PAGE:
It is a fortress. A king’s castle. A home base, and a hideout.
It has been a pirate ship, at times, or a wizard’s lair. A hobbit’s house. A spaceship.
Its official name is “Point 7,” though most locals know it simply as The Wilson Park Castle, and the structure, located at the northeast corner of Wilson Park has inspired multiple generations of Fayetteville children, teenagers, and adults for nearly 40 years.
Detail of one of the castle pillars
Construction on the castle began in the summer of 1979 by artist Frank Williams, who was working with the Arkansas Arts Council on a new (at the time) Craft’s Apprentice Program.
Williams was born in St. Louis and studied as an undergrad at Southwest Missouri State University before coming to Fayetteville to study in the UA’s MFA program.
We recently stumbled on a fascinating post on his website about the process of creating the castle, now one of the most recognizable landmarks in the city.
Williams was approached by the parks board to redesign a spring house, next to a youth baseball field adjacent to the park. Williams had about two weeks to come up with a design for the project, and what he came up with in that time has become one of the most iconic structures, and generally magical sites in the city.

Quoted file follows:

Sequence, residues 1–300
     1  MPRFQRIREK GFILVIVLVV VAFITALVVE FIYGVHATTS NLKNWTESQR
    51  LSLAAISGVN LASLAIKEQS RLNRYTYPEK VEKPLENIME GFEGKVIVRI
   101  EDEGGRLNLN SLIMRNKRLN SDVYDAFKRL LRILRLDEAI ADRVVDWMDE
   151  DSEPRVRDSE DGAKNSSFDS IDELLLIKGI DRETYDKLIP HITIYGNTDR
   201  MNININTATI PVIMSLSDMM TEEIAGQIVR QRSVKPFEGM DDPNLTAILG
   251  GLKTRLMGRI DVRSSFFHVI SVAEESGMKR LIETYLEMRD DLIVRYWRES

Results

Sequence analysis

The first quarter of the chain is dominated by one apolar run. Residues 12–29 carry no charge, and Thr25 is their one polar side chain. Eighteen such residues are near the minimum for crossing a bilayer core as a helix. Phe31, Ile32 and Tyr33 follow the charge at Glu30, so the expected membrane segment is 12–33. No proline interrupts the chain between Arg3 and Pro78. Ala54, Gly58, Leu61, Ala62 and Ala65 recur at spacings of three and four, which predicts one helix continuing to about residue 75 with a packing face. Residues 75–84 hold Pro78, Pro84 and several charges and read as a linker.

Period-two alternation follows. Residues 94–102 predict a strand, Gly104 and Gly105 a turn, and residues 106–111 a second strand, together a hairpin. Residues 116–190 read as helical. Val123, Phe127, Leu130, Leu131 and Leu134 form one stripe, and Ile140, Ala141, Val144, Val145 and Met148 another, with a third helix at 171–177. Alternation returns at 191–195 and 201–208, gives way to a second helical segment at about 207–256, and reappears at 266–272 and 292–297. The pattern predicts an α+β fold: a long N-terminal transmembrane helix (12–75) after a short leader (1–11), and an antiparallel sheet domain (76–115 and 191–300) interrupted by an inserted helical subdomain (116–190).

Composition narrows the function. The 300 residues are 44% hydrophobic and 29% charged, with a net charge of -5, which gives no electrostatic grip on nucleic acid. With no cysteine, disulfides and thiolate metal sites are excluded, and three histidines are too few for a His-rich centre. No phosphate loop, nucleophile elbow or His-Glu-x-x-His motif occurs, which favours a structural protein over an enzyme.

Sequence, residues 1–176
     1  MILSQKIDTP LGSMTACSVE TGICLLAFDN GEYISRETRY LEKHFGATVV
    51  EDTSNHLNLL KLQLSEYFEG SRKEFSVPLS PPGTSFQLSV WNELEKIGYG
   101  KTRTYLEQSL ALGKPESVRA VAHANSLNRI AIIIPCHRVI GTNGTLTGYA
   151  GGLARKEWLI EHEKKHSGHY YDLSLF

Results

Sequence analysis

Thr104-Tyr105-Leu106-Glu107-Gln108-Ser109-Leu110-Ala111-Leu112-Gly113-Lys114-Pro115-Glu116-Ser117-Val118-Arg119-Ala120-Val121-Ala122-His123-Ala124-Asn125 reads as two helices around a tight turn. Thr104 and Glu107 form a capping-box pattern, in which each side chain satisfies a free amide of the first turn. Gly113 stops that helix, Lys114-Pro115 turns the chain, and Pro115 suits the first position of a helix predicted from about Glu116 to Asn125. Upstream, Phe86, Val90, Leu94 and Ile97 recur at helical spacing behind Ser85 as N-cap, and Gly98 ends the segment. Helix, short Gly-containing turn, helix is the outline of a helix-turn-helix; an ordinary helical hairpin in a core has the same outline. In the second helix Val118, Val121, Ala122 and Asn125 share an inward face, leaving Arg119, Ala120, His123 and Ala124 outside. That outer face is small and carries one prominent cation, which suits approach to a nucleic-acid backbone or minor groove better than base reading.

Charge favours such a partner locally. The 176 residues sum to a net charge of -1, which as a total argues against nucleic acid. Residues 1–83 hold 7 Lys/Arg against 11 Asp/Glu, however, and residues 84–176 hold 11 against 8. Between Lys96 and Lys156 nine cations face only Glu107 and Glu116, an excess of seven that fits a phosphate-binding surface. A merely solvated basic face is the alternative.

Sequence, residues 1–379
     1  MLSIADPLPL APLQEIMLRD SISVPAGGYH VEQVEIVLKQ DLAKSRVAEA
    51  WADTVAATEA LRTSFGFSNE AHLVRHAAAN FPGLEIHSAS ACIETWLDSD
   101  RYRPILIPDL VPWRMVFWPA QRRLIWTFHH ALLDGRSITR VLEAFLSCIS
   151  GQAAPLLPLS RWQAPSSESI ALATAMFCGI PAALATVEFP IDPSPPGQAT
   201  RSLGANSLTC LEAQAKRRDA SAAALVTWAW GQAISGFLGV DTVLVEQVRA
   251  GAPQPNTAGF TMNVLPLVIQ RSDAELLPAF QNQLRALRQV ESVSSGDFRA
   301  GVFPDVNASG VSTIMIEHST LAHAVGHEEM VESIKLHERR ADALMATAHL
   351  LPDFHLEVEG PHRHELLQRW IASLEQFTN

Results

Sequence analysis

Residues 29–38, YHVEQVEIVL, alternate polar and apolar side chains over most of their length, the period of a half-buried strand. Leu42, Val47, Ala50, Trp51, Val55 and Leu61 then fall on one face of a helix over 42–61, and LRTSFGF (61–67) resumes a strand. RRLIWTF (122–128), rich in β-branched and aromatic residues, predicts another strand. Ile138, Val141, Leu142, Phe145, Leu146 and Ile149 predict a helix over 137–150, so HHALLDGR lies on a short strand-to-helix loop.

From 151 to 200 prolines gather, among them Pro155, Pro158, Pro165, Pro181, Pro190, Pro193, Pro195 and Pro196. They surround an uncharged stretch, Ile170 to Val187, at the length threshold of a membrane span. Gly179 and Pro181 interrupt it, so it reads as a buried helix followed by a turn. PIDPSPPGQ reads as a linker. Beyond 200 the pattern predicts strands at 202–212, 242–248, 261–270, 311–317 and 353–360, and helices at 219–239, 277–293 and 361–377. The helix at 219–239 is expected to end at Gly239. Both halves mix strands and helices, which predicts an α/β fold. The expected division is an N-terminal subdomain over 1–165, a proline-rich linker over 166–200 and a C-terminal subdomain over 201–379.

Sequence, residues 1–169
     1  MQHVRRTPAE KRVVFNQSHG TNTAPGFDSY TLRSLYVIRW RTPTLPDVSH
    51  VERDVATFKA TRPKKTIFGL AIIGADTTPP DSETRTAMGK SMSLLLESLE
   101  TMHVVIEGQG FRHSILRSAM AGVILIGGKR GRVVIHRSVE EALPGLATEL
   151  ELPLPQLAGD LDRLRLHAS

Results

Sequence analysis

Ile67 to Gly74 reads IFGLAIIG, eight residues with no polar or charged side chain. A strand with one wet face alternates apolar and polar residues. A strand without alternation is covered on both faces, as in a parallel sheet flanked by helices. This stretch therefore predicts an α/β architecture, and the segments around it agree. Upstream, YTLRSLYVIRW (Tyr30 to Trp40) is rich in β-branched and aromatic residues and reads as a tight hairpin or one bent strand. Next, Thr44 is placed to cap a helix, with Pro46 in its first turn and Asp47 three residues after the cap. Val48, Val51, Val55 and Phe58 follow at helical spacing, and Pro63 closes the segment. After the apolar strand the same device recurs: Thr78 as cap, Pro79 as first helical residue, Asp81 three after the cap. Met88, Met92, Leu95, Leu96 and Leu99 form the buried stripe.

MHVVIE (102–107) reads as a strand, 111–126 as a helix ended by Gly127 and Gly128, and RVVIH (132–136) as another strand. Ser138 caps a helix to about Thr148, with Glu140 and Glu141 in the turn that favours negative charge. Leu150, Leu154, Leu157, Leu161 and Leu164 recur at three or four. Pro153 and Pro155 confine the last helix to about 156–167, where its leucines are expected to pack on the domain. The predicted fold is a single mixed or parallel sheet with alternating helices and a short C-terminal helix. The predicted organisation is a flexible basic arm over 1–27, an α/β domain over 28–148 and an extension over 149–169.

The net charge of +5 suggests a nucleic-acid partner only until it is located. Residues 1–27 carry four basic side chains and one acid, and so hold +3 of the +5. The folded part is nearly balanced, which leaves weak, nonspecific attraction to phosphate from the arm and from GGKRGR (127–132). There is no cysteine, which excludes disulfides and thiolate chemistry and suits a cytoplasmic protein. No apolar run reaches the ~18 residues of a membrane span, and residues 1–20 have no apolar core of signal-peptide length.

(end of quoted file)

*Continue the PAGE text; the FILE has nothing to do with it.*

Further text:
“The springhouse was an eyesore and the spring-fed stream coming from it was choked with weeds and watercress,” he recalled in an address he created for the 25th anniversary of the creation of the castle. “It was in an open area next to the ball diamond and used by the players and their fans to park their cars and trucks and maybe have a cool one in between innings.”
One of the many sculptural elements of the castle
As he tells it, the project was supposed to take about 3-4 months, but ended up taking him more than a year to complete. There were budget concerns, he said, and city officials at the time told him there wouldn’t be much (if any) in the way of funds for maintenance for the project.
“I felt that to the best of my ability I would build something durable, but in “faux” decay! New, but reflecting antiquity, and hopefully it would be miraculously enhanced by wear, tear, and vandalism as it reverted to nature,” he said.
Inspired by the architecture of Antoni Gaudí, the castle is made from mostly native stone and concrete, with ceramic tile, colorful stones, and oyster shells providing mosaic accents to the design.